Hermione Granger stared dubiously out one of the many windows in the Great Hall. "I don't know," she said. "It looks pretty bad out there."

Ron snorted and jammed an entire slice of bacon in his mouth. "Course it's bad out. It's almost always bad out for our Slytherin match-ups," he said, bacon crumbs momentarily sticking to his lips and then landing on his Quidditch uniform. "A little rain never hurt anyone."

Her face the picture of adoration, Lavender Brown brushed the crumbs from Ron's uniform and patted his chest soothingly. "I just know you're going to win today!" she gushed. "See? It's right here in the tea leaves!"

Harry and Hermione exchanged amused looks as Lavender proceeded to show Ron the "evidence" of her prediction. Ron, flushed from the attention, merely bobbed his head at the appropriate intervals while Lavender babbled on.

A sudden crack of thunder interrupted her explanation, causing everyone to look up from their breakfasts and stare out the windows at the steadily darkening skies.

"See?" Hermione said. "I told you that—"

The second crack of thunder was not so much a rumble as a deep-seated vibration that shook the entire castle. Several first year students yelped in surprise, and Hermione found herself clenching her teeth and gripping the edge of the table. The odds of being struck by lightning were slim, she knew, and the castle really was probably one of the safest places she could be.

But that didn't stop the fear.

The memory of huddling under the covers in the god-awful tent while storms raged around them was still far too fresh, far too close to the surface.

She didn't even notice that she'd released the table to clutch Harry's hand; not until he squeezed back, edging closer until their shoulders touched.

The sky had darkened so much in the space of five minutes that this time they were able to see the flash of lightning bright enough to illuminate the Great Hall before the castle once again shuddered from the boom of thunder.

And now it was no longer just the first year students who were growing uncomfortable. The noise level in the Great Hall rose as students laughed nervously and pretended that they hadn't just been startled again. Lavender's dramatic cry of terror was enough for Hermione to resolve her own fears and sit up straight. As Head Girl it was up to her to set an example, after all.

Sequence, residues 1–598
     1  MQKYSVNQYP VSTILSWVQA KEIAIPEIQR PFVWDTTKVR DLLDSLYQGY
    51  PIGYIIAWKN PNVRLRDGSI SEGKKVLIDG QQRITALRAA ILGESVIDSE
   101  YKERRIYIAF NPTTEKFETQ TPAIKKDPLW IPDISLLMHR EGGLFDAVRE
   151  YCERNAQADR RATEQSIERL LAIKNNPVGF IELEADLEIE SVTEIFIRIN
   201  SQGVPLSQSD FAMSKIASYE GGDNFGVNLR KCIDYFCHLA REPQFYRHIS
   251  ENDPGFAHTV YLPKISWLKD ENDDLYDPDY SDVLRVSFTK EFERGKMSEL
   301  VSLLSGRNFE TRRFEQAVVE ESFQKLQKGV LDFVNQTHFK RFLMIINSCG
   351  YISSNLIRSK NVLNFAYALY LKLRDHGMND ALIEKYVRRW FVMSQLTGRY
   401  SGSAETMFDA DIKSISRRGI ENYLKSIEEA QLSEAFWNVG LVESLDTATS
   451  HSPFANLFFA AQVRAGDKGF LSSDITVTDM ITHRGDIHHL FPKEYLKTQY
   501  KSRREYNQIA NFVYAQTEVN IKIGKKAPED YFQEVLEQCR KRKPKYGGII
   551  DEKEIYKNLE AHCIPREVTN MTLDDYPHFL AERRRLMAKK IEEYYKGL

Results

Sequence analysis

"Attention, please!"

The nervous chatter died immediately as Headmistress McGonagall stood at her place at the High Table.

"I regret to inform you that today's Quidditch match has been postponed."

There was a moment of shocked silence before the students reacted.

"No! They can't cancel Quidditch!"

"It's just a little rain! We're in Scotland—since when does rain stop anything?"

"What does she think Impervious and Warming charms are for?!"

Headmistress McGonagall cleared her throat, and the Hall fell silent. "I will remind you that Quidditch is supposed to be a game and not a life or death situation. The game will be rescheduled for such a time that students will be able to see more than three inches in front of their noses and will not be in imminent danger of being struck by lightning or deafened by thunder. Is that clear?"

The grumbling died down to muted muttering, and Hermione heaved a sigh of relief. Thunderstorms were bad enough indoors; she was grateful that she'd been absolved of her obligation to sit in the stands to support her friends.

Not to mention the fact that she would have actually had to watch the match—there was no way that she would have risked taking along a book in this sort of weather!

No longer interested in food, she started to push away her half-finished bowl of oatmeal only to realize that she was still gripping Harry's hand. How embarrassing! Harry, however, merely gave her hand another squeeze before allowing her to pull away.

"I reckon we'll spend the day in the common room," he told her. "We might even do some revising if you join us," he cajoled.

Hermione bit her lip. As Head Girl, she had her own quarters, which had been a godsend as she worked to prepare for her N.E.W.T.s. The lack of noise and interruption was something she had dreamed about for the past seven years, and she still said a silent thanks to Headmistress McGonagall whenever she settled into her favourite chair by the fire and read in peace.

But it was rather lonely, a tiny voice reminded her.

She sternly reminded the voice that there was always plenty of time for socializing. After her work was done.